I knew this kind of sentimental attachment. I have had it for kittens and maps, for letters and perfume gift-set boxes. I have witnessed, too, some black men in love with their dogs. As a young and serious hip hop fan, I took note of DMX (Earl Simmons), the first rapper I knew to boast about his love for dogs, and even incorporate barking as part of his rapping style, which sounds ridiculous now but was successful for him and the Ruff Ryders record label. He had a portrait of his beloved dog, Boomer, who was killed by a motorist, tattooed on his back. When I was a teenager, this relationship with dogs struck me as unusual for African Americans. (Lest I make Simmons sound like a good role model, I later learned that he had engaged in dog fighting and had both mental health and drug problems. In 2008, he was charged with cruelty to animals when Arizona officials seized a dozen underfed Pit Bulls and Pit mixes from his home.)

Thankfully, examples of black people with dogs are not all narratives of pathology and violence. As Blackistone said on NPR, “Most black folks are like me—I’ll do anything for my adopted Nova Scotia Duck Tolling Retriever, Mocha.” Oprah Winfrey, probably the most famous person on the planet, is also a clear-cut dog champion. Visit Oprah.com and you’ll meet all of Winfrey’s furry companions, past and present: Cocker Spaniels Solomon, a 1994 Christmas present from Stedman Graham, and Sophie (both died in 2008). Luke, Layla and Gracie, Golden Retrievers adopted in 2006. Another Cocker, Sadie, whom Oprah adopted in 2009 from PAWS Chicago and who overcame parvovirus. For her 56th birthday, Oprah went back to PAWS and adopted Springer Spaniels Sunny and Lauren.

While a lot has been made of our first black president along symbolic, political and historical lines, the First Family has also provides us with another healing and sweet example. Not long after moving into the White House, the Obamas added Bo to their family. Then, in 2013, they gave him a little sister and playmate, Sunny. Both are Portuguese Water Dogs. Before they got Sunny, First Lady Michelle Obama told reporters that she hosted a “doggie play date” because “Bo [didn’t] have enough dog interaction,” according to the White House Blog.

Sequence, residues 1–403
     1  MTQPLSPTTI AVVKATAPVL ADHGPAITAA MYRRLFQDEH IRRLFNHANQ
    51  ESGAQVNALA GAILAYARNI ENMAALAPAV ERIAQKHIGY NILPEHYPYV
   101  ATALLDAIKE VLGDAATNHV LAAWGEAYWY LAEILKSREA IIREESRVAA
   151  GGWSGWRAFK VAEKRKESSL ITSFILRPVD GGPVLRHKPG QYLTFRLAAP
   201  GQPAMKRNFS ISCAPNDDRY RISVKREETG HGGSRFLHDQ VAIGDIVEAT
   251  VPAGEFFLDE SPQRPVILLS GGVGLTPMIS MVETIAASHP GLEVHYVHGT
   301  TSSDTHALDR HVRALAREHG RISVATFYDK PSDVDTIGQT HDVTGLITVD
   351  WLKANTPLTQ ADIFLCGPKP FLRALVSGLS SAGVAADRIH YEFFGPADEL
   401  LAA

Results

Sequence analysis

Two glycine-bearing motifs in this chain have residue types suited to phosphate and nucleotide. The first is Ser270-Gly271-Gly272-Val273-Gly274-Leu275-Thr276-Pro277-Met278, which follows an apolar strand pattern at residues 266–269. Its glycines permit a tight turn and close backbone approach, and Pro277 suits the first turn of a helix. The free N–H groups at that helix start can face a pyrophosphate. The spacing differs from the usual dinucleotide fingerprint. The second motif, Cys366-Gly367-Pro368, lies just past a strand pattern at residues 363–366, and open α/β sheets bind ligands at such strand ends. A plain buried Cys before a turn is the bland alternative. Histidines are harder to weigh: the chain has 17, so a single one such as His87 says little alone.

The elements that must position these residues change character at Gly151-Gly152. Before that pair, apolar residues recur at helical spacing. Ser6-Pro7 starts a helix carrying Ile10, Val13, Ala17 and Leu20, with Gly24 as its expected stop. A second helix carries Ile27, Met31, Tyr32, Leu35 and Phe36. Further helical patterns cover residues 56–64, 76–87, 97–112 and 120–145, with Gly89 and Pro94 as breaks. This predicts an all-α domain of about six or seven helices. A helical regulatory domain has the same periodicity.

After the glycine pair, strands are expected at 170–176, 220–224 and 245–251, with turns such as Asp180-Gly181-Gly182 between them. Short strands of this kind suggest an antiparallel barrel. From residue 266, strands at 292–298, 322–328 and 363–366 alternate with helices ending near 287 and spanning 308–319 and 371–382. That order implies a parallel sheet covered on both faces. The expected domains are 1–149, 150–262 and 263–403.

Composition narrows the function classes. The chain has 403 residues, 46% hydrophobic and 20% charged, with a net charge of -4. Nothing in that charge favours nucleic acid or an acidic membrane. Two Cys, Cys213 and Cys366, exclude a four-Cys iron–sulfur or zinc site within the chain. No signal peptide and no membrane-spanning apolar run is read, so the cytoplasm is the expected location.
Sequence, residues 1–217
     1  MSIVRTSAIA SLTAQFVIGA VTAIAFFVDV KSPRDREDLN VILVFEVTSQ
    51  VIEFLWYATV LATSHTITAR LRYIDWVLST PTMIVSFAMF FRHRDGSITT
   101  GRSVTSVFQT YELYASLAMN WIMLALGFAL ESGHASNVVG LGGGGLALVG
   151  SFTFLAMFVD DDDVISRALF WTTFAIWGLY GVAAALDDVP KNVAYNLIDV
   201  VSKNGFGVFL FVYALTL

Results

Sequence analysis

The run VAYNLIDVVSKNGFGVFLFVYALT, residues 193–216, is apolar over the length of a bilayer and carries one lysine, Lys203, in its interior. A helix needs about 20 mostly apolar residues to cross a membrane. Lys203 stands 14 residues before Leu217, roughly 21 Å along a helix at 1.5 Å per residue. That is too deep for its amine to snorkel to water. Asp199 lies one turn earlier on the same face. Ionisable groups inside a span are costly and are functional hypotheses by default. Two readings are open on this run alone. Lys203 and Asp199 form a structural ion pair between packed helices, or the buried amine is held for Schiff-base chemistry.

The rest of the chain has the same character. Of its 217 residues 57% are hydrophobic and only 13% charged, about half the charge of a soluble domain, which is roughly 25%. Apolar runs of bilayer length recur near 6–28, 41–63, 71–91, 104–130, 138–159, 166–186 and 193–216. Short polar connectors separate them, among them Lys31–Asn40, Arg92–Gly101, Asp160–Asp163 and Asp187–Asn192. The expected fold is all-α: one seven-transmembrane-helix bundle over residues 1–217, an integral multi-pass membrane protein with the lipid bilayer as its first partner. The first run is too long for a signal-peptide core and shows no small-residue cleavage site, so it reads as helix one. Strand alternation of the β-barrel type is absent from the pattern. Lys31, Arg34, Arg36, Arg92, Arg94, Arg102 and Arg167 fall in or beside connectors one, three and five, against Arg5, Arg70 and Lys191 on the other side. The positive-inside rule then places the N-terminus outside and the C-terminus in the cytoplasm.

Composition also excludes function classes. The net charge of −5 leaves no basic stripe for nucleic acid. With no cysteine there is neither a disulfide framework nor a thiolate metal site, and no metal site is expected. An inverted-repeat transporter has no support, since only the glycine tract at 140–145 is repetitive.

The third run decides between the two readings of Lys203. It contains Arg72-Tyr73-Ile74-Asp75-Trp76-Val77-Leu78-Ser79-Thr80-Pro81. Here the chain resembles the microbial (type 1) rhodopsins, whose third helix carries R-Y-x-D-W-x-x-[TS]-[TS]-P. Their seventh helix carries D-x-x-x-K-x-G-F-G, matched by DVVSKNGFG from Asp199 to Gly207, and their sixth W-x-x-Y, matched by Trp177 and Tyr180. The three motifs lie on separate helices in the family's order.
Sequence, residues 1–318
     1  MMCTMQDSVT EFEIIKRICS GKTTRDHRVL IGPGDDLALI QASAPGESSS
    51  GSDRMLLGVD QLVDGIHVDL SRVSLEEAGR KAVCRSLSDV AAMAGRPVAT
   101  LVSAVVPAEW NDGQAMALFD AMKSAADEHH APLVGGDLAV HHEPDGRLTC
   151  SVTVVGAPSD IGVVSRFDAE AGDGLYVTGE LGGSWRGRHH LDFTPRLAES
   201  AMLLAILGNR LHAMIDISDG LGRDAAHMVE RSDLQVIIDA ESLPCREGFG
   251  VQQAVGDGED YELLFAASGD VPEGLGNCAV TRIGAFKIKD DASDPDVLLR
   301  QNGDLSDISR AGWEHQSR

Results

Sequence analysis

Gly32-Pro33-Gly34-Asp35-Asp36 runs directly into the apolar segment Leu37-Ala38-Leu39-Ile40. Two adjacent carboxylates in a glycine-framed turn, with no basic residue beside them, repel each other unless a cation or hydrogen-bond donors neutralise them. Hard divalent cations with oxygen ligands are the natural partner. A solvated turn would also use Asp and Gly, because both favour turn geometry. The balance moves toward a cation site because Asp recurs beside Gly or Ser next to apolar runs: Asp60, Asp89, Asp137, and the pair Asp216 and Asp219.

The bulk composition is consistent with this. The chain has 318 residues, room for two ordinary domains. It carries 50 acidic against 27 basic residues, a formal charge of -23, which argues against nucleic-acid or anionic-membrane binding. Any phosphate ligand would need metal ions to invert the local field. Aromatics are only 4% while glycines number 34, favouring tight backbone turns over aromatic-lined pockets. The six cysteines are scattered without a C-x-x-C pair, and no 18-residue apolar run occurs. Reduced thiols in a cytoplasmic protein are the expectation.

In cities I’ve lived in around the country, I’ve also noted more black dog owners. This was especially evident when I moved to Austin in 2005 to work at the daily newspaper and attend graduate school. During the first few years I lived in Austin, I was far too busy for a pet. I was also incredibly lonely, confused by the liberal veneer of the place but seduced by the delicious food and the kindness and hospitality of my friends and colleagues. With about 300 sunny days a year, it was a perfect town for a runner, which I was becoming. Maybe if I had a dog to run with, I wouldn’t feel so out of place, I thought. Peer pressure also played a part.

My friends noted that I was a single woman living on my own in a less-than-pristine part of town. A photo editor at the newspaper heard that I was thinking about getting a dog, and mentioned that her friend was looking for someone to care for his dog Cleo. He had a brain tumor and was going into hospice, so he needed to find her a home quickly. I drove out to his trailer in Bastrop, wondering how my life might change if I got a dog, thinking of all the reasons I was still very much a cat lady. Then I spotted Cleo, affectionately tapping that long tail of hers. A Mastiff/Shepherd, she was the answer to my unspoken prayer.